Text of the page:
From his hospital bed, Bernstein said, “It was a direct hit. I was just walking. And then I was on the ground, my face in the asphalt.”

Source: Daily News, “After Daily News exposes Central Park bike chaos, blind marathon runner Richard Bernstein is struck by speeding cyclist,” by Larry McShane and Kerry Burke, Aug. 16, 2012.

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Rapid changes to New York streets pose challenges to the visually impaired

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On behalf of of Kahn Gordon Timko & Rodriques P.C. posted in Car Accidents on Thursday, August 16th, 2012

As every New Yorker knows, the streets of the city are constantly changing. However, recent changes are catching even seasoned residents of the city off-guard, and no group faces more challenges in light of recent street re-design than the blind.

Blind people navigate New York by mentally recording the streetscape – every bump, planter, light pole and grate. But the advent of massive construction projects, pedestrian plazas and bike lanes have been game-changers for many blind people who once found New York to be an accessible city and who suffered few injuries as a result of pedestrian accidents.

The navigation signs, such as poles and sidewalk cuts, are not the only clues that are changing. Audible signals, something blind people especially rely on, are changing as well. Hybrid cars and bicycles make little noise, making it very difficult for someone who cannot see to know whether traffic is coming.

Blind New Yorkers acknowledge that change is inevitable, and they are willing to live with that. However, the recent pace of change has been such that previously mobile blind people are becoming reluctant to leave the safety of their homes. City Council member and transportation committee chair James Vacca acknowledged that the special needs of blind people were not always considered when implementing the many construction projects that are currently underway in the city.

Advocacy groups like Lighthouse International and the PASS Coalition have lobbied for increased audible pedestrian signals and more detectable warning strips as counter measures that can help blind pedestrians continue to navigate despite new obstacles. The city has begun both, but the pace is slow. For example, they city’s plan calls for the replacement of 25 current traffic signals with audible signals each year. Given the number of traffic lights in New York City, some feel this is a token gesture.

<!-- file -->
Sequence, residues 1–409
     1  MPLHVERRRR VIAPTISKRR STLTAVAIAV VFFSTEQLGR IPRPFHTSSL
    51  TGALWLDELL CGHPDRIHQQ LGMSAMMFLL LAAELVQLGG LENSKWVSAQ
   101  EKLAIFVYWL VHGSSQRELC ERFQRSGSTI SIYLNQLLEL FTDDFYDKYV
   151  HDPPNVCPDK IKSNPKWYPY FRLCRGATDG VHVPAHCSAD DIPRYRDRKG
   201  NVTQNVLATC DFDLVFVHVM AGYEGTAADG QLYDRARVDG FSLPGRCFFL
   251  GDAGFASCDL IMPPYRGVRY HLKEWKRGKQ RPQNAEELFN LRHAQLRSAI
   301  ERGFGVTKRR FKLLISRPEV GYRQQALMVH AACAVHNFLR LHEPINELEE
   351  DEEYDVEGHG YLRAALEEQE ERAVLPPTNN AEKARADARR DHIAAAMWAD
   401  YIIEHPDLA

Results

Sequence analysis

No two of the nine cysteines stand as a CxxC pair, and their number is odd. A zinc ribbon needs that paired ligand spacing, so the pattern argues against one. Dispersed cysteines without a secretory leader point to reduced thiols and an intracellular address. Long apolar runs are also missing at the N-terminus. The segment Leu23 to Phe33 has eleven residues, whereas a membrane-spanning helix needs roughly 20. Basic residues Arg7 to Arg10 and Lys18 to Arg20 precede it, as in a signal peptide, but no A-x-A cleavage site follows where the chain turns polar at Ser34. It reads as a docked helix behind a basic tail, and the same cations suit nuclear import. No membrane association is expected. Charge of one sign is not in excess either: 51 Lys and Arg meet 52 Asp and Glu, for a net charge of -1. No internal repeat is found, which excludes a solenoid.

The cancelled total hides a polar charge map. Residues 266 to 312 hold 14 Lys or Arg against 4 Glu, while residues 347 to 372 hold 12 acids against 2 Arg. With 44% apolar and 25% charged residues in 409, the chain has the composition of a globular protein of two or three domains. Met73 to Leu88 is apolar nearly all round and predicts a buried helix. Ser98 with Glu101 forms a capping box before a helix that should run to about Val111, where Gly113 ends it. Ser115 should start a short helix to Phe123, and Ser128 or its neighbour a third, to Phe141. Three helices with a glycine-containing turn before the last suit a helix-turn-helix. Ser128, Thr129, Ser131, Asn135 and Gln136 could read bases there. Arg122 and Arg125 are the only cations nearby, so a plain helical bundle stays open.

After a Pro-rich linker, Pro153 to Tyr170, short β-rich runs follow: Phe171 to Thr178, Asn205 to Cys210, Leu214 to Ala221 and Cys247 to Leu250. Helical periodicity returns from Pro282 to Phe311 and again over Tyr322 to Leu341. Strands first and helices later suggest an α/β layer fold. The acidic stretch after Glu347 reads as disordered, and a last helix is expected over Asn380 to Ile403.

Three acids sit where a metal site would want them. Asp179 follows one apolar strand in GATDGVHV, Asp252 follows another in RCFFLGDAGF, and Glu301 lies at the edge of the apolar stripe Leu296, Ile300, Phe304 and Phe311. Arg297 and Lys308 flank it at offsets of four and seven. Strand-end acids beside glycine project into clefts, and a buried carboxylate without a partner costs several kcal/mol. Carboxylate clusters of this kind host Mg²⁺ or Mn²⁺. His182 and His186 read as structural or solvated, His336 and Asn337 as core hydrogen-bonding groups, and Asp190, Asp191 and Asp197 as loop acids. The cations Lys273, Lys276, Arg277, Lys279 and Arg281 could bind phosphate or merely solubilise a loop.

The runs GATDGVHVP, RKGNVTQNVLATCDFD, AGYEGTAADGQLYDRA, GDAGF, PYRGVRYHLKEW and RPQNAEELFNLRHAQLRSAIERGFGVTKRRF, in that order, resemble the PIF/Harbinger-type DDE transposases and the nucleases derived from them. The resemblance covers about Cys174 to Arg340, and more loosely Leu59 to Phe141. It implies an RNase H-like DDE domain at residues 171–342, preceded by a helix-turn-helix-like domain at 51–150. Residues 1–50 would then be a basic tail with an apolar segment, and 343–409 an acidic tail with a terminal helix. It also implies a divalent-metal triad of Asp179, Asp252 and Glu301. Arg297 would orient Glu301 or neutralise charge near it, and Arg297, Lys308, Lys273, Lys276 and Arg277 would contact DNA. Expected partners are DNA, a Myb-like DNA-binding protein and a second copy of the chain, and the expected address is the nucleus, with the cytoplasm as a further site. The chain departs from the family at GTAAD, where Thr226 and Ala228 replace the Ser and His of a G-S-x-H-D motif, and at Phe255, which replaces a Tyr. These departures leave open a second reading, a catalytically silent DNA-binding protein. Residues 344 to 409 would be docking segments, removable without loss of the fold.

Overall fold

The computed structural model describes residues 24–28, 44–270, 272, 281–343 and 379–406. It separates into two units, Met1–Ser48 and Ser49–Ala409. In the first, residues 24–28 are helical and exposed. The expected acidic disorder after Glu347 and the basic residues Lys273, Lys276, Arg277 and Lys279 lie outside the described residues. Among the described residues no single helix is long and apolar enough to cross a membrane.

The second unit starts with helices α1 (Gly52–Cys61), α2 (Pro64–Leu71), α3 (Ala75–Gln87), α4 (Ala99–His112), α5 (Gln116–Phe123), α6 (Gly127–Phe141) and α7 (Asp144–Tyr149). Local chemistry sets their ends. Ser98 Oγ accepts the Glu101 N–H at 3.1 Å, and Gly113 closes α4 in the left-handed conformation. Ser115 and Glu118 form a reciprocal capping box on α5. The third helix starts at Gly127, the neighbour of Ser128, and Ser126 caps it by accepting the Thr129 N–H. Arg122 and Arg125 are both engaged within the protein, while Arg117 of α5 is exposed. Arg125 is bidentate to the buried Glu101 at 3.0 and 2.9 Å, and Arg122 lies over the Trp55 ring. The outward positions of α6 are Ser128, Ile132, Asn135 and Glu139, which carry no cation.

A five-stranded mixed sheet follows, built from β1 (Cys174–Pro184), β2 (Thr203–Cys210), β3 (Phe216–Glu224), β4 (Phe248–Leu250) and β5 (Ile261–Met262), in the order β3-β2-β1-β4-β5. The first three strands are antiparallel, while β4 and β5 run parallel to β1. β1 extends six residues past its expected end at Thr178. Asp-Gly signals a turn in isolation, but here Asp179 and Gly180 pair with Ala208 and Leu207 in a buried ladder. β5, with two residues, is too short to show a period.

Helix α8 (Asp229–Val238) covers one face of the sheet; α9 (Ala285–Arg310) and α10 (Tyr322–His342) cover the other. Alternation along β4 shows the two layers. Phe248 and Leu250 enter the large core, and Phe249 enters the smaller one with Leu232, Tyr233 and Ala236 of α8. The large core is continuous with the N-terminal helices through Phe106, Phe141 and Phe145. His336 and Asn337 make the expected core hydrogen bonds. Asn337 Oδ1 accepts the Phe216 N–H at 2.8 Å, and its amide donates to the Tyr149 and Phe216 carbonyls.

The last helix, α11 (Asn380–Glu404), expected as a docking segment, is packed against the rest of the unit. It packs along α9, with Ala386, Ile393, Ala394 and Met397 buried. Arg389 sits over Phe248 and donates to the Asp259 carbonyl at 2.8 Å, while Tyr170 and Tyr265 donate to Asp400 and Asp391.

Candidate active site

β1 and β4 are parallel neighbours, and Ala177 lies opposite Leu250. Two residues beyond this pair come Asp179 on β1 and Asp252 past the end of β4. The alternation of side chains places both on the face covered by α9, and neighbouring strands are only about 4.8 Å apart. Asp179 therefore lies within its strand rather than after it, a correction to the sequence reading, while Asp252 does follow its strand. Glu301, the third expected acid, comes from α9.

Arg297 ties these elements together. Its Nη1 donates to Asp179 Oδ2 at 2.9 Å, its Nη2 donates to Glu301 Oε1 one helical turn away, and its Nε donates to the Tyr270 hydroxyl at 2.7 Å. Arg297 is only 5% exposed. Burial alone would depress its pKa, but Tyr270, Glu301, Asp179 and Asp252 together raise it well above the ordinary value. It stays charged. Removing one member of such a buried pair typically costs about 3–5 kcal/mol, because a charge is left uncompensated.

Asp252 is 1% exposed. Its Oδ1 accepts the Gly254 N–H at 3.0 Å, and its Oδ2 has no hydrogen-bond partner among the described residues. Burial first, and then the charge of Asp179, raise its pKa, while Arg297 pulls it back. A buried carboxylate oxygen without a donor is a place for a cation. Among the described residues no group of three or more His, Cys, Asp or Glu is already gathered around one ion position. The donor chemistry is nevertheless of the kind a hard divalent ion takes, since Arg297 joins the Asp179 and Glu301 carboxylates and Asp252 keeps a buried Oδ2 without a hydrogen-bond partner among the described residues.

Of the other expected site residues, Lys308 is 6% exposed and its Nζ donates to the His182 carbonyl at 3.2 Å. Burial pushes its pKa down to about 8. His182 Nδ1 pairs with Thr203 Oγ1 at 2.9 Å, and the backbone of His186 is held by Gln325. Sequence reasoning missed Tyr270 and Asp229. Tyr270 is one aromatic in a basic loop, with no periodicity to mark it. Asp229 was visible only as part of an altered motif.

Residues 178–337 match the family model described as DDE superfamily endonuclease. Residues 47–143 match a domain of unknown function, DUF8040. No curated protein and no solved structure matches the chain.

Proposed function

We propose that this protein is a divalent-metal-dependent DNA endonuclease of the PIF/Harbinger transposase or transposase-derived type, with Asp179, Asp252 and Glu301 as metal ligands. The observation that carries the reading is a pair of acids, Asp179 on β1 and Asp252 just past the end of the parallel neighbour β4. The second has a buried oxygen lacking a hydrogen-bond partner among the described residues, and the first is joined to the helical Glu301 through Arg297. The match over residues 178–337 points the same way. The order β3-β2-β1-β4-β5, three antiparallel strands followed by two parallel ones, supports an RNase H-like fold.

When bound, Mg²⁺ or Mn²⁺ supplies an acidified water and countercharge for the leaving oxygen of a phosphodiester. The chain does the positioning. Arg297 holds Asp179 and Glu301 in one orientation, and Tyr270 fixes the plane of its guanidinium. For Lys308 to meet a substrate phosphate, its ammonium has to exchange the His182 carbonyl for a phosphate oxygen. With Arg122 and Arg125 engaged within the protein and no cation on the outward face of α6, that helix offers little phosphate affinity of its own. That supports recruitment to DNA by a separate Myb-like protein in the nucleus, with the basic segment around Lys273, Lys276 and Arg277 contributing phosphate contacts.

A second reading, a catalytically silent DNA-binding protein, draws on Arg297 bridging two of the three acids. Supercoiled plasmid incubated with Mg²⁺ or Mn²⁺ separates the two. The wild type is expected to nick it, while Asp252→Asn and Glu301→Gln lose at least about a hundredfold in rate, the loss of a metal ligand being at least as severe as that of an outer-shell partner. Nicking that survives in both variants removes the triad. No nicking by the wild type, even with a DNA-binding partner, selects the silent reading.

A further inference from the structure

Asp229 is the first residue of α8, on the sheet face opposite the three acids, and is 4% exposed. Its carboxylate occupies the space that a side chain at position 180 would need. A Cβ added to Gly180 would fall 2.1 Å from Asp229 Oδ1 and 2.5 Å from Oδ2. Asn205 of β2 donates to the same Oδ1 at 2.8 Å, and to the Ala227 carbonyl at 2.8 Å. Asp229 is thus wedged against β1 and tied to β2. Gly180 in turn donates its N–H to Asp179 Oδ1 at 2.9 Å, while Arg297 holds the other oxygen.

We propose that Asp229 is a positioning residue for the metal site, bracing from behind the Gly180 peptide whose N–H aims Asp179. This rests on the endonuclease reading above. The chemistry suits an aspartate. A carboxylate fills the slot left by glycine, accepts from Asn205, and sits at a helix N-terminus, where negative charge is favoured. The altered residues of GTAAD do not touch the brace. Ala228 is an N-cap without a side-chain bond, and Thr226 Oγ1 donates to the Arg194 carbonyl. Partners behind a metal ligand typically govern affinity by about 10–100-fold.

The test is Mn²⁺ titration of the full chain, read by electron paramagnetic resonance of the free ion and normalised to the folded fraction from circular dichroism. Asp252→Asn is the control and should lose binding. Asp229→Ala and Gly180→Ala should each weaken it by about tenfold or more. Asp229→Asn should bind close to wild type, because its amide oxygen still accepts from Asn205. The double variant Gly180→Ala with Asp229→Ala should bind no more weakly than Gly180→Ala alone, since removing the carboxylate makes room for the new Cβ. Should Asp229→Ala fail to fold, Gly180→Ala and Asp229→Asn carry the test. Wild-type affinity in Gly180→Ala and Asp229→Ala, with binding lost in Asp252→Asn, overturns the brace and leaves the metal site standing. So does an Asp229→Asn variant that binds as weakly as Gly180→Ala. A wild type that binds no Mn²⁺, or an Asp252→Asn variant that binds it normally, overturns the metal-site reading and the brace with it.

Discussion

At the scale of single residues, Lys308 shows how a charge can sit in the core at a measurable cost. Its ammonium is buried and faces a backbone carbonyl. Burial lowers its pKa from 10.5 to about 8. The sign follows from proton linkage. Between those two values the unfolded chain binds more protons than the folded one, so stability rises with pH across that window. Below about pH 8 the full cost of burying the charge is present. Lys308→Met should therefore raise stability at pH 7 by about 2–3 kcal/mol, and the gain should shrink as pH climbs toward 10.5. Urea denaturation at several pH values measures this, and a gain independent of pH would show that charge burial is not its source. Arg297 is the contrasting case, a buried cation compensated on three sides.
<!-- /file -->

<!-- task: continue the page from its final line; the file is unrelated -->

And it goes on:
Some blind people are concerned about the soon-to-be-implemented bike share program. They fear that the number of silent vehicles will increase the hazards they face as they venture outside.

Source: New York Times, “With Changes in New York’s Streets, More Hurdles for the City’s Blind Pedestrian,” by Matt Flegenheimer, July 29, 2012.


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Bike riders and walkers may get a break on the Brooklyn Bridge

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On behalf of of Kahn Gordon Timko & Rodriques P.C. posted in Bicycle Accidents on Thursday, August 9th, 2012

Tensions between bike riders and pedestrians on the Brooklyn Bridge may lessen if some City Council members have their way. Brad Lander (Brooklyn), Margaret Chin (Manhattan) and Steve Levin (Brooklyn) have called for a safer pedestrian crossing to protect both cyclists and walkers from accidents.

Congestion on the bridge is intensified by the many tourists who walk onto the iconic structure to snap pictures of the city skyline. Because they are usually standing still while taking photos, they often create serious hazards for other users of bridge deck.

On a typical day, 4,000 pedestrians and 3,100 bicyclists use the bridge – a number that rises significantly in the summer. Although there are designated lanes for walkers and bikers, visitors to the city are often unaware of the importance of staying in their lanes.

Bikers and other walkers try to go around pedestrians who have halted to take a picture, and bikers may zip into the walking lane to try to avoid tourists who have drifted into the bike lane. Walking or riding across the Brooklyn Bridge is not a simple proposition.

Currently, the bike lane varies from eight to sixteen feet. The council members would like to increase the lane to 32 feet in most part of the span. This would require extending the overhang over the vehicle deck. It may also require the bridge to be reinforced to carry the extra weight from both the larger non-vehicle lanes and the larger number of people and bikes that would use the larger lanes.

The proponents of the plan would also like to see cyclists and walkers separated by a permanent structure – something that would also add weight to the bridge.

The Brooklyn Bridge is currently under a two-year renovation. However, the current project does not include plans to expand the space available to pedestrians and bike riders. Additionally, neither the City Council members nor the city’s traffic department can say how much extending the walking and biking lanes would cost the city.